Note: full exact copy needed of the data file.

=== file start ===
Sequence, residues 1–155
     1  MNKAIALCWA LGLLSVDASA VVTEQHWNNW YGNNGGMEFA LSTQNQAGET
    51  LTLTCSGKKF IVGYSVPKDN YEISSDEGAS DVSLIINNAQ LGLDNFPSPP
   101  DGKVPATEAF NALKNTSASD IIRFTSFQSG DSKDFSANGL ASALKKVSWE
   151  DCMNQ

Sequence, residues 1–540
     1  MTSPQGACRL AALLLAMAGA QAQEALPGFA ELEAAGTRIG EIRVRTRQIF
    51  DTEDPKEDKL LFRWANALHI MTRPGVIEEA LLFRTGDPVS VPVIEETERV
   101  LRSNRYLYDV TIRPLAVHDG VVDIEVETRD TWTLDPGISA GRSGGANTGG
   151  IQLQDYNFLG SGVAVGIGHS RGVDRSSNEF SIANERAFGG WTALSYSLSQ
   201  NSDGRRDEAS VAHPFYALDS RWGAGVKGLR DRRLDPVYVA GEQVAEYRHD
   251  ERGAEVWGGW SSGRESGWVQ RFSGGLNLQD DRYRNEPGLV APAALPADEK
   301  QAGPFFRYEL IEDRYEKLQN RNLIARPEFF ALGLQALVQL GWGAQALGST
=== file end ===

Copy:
Sequence, residues 1–155
     1  MNKAIALCWA LGLLSVDASA VVTEQHWNNW YGNNGGMEFA LSTQNQAGET
    51  LTLTCSGKKF IVGYSVPKDN YEISSDEGAS DVSLIINNAQ LGLDNFPSPP
   101  DGKVPATEAF NALKNTSASD IIRFTSFQSG DSKDFSANGL ASALKKVSWE
   151  DCMNQ

Sequence, residues 1–540
     1  MTSPQGACRL AALLLAMAGA QAQEALPGFA ELEAAGTRIG EIRVRTRQIF
    51  DTEDPKEDKL LFRWANALHI MTRPGVIEEA LLFRTGDPVS VPVIEETERV
   101  LRSNRYLYDV TIRPLAVHDG VVDIEVETRD TWTLDPGISA GRSGGANTGG
   151  IQLQDYNFLG SGVAVGIGHS RGVDRSSNEF SIANERAFGG WTALSYSLSQ
   201  NSDGRRDEAS VAHPFYALDS RWGAGVKGLR DRRLDPVYVA GEQVAEYRHD
   251  ERGAEVWGGW SSGRESGWVQ RFSGGLNLQD DRYRNEPGLV APAALPADEK
   301  QAGPFFRYEL IEDRYEKLQN RNLIARPEFF ALGLQALVQL GWGAQALGST